Cities

A Ticklish Challenge: Selling Detroit After Bankruptcy


Detroit's Michigan Central Station, abandoned

Photograph by Sean Hemmerle/Gallery Stock

Detroit's Michigan Central Station, abandoned

Detroit is on the move! Detroit is attracting hip young people! Detroit is a beacon for venture capital! And oh, by the way, Detroit just became the largest U.S. city ever to file for protection from creditors under federal bankruptcy law.

A Chapter 9 filing might seem like the very worst kind of publicity for a city. But Detroit boosters are arguing that it’s actually a positive.

“it’s an important and necessary step” that will allow the city to shed debt and reduce costs, says Josh Linkner, chief executive officer and managing partner of Detroit Venture Partners, a $50 million fund that specializes in mobile and Internet software. “When GM (GM) and Chrysler filed for bankruptcy, a lot of people were very upset. Now both those companies are thriving. Detroit will do the same thing.”

Michael Finney, president and chief executive of Michigan Economic Development Corp., visited Bloomberg Businessweek in New York on July 10 to talk up Detroit’s potential. Although Detroit can no longer issue its own bonds, Finney’s organization—a partnership of the state government and private sector—is raising money on the city’s behalf. He was accompanied by Jake Cohen, who works with Linkner at Detroit Venture Partners.

A few highlights from their visit:

• Under Governor Rick Snyder, Michigan has reduced business taxes and balanced the state budget. Last December, Snyder signed a right-to-work law, which makes it illegal to require financial support of a union as a condition of employment. It was the 23rd U.S. state to do so. (Unions are challenging the law in court.) That should help the city draw jobs.

• A decade ago, Michigan was one of the two lowest-ranking states for venture capital activity, but it reached 15th in 2012, according to the annual report of the Michigan Venture Capital Association.

• Dan Gilbert, founder and chairman of Quicken Loans, has invested over $1 billion in downtown Detroit and has moved over 9,000 employees of Quicken and related companies into downtown.

• The Detroit-based First Step Fund makes small investments—$10,000 to $50,000—in early-stage startups in Detroit and the rest of southeast Michigan.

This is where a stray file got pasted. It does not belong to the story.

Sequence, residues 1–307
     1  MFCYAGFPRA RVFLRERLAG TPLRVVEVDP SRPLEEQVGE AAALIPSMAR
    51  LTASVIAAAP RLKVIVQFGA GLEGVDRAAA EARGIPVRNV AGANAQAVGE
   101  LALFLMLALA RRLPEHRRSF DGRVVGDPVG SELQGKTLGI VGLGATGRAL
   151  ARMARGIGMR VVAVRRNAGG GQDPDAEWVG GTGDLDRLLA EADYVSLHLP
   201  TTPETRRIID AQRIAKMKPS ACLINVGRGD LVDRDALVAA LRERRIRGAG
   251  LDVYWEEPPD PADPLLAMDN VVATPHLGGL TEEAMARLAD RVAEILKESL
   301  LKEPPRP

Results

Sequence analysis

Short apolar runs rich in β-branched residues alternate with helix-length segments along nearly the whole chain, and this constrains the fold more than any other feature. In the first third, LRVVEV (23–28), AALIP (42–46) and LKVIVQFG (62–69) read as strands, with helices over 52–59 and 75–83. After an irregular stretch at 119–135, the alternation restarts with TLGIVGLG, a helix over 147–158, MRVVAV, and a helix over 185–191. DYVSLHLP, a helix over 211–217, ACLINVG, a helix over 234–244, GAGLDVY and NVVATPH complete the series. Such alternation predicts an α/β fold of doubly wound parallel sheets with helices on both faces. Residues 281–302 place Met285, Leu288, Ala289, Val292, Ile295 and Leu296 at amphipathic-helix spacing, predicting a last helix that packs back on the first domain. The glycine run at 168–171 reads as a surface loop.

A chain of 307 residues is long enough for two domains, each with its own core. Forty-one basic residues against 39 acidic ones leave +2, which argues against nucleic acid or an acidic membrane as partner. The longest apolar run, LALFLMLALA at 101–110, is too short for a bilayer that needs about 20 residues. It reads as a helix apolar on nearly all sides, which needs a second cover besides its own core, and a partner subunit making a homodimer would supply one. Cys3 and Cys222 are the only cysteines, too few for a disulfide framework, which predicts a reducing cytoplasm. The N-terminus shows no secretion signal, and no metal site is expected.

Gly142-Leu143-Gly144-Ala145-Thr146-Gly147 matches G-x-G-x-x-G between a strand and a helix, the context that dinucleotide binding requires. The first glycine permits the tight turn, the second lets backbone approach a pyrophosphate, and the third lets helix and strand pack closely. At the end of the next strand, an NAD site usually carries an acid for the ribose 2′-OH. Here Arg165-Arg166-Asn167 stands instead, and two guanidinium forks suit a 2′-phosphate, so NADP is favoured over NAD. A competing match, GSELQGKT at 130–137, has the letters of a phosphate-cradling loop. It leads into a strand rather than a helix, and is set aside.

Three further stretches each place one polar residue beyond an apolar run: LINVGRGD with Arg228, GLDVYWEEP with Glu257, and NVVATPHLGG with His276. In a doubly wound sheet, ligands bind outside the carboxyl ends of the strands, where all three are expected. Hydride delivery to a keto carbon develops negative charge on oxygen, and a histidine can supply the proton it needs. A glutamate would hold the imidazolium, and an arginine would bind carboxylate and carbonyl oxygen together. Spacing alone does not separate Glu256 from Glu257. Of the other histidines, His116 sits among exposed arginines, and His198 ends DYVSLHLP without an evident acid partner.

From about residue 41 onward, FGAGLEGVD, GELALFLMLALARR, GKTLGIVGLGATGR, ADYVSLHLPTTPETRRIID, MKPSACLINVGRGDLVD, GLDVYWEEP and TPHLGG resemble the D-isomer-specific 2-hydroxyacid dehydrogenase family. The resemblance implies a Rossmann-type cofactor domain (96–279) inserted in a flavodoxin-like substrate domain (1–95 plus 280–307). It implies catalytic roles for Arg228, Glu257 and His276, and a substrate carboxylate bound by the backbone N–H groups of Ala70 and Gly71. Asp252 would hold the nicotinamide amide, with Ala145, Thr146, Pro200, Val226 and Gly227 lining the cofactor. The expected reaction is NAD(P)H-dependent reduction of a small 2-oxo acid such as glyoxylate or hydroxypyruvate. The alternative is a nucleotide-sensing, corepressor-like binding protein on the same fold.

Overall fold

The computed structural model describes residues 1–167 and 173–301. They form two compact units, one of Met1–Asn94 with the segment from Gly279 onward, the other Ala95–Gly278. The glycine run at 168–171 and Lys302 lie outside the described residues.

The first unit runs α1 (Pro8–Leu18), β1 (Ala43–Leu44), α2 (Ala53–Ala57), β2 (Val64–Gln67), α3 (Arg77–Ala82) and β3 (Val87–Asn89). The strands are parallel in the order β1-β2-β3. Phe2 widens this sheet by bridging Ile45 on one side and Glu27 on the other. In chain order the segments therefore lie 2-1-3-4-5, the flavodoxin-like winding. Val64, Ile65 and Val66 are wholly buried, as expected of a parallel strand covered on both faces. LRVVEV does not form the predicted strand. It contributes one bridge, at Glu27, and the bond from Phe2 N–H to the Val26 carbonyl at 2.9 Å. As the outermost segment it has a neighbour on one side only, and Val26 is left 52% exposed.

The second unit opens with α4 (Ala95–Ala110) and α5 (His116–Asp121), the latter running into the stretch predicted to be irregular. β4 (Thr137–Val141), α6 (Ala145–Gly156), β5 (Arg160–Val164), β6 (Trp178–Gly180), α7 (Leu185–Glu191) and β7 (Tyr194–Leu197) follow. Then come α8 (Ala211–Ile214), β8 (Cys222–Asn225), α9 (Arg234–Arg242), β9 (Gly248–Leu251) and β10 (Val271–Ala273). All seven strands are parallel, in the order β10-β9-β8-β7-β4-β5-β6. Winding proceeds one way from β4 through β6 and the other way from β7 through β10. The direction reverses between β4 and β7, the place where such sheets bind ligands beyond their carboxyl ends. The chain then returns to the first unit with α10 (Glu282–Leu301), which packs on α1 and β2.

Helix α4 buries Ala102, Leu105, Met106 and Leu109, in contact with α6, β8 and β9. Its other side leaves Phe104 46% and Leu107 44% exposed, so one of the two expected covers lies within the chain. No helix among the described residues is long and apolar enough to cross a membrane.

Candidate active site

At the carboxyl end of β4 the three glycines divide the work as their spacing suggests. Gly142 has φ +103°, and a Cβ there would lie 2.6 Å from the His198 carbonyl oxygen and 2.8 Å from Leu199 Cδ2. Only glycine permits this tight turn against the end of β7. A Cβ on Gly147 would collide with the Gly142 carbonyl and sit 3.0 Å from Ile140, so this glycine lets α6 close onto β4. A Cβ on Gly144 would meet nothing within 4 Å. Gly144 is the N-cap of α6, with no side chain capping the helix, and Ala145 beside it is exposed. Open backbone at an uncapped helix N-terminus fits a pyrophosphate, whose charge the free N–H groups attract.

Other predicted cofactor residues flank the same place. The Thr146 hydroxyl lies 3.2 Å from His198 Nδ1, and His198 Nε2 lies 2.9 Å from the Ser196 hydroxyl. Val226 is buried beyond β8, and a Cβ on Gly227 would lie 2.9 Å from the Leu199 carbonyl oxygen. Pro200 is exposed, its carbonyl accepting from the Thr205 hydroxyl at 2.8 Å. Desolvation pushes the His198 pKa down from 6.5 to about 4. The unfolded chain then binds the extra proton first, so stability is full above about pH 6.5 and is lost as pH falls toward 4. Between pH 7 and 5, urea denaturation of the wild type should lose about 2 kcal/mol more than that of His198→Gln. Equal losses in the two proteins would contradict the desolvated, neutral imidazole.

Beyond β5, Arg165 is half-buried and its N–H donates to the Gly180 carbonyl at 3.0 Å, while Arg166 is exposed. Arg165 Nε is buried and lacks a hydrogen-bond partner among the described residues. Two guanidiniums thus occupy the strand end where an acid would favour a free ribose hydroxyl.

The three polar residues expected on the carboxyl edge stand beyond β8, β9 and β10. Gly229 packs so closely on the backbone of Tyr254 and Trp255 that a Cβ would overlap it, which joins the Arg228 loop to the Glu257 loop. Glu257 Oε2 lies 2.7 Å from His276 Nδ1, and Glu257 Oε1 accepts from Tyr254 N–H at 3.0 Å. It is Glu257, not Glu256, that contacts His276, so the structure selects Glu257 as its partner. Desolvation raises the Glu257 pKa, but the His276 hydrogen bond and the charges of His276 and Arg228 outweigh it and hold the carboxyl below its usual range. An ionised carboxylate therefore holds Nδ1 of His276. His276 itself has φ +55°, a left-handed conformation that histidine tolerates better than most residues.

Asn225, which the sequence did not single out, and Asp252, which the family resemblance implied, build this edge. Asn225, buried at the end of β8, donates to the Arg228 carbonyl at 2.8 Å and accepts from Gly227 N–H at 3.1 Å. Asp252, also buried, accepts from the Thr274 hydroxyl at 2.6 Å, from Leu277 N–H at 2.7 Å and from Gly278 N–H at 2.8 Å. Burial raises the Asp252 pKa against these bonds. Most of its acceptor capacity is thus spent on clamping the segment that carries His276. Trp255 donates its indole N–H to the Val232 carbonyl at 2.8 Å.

Venture for America, a New York-based program modeled on Teach for America, has placed 25 of its first “venture fellows” in Detroit. The recent grads are supposed to spend two years there helping small companies get started. Organizers hope some of them will stay in Detroit when their tour is done.

Challenge Detroit, which resembles Venture for America, is trying to reverse the city’s brain drain by bringing recent university graduates to Detroit to work and play. They get a stipend for spending eight hours a week, outside their day jobs, to work on projects benefiting the community. “Participate in the revitalization efforts for one of the most significant cities in the world!” the website urges.

The news media are picking up on the bright spots amid Detroit’s gloom.

• The New York Times reported on July 16 that Chrysler’s Jefferson North factory on Detroit’s East Side is “one of the most modern and successful auto plants in the world.”

• As reported by Crain’s Detroit Business, last month, Detroit’s Downtown Development Authority unveiled details of a $650 million Detroit Red Wings arena and entertainment district.

The bankruptcy filing will make it harder for Detroit to raise money in the future. “From this point, Detroit’s name in the muni market is probably mud,” Dick Larkin, senior vice president and director of credit analysis at HJ Sims & Co., said in a statement.

But Linkner, the venture capitalist, argues that Detroit’s boosters can legitimately spin the Chapter 9 filing as a “a very positive thing.” Says Linkner: “I don’t mean to be insensitive to those who will be hurt, but the idea that we’re taking decisive action, cleaning up many of the problems of the past, sends a message that we are serious and committed.”

Coy_190
Coy is Bloomberg Businessweek's economics editor. His Twitter handle is @petercoy.

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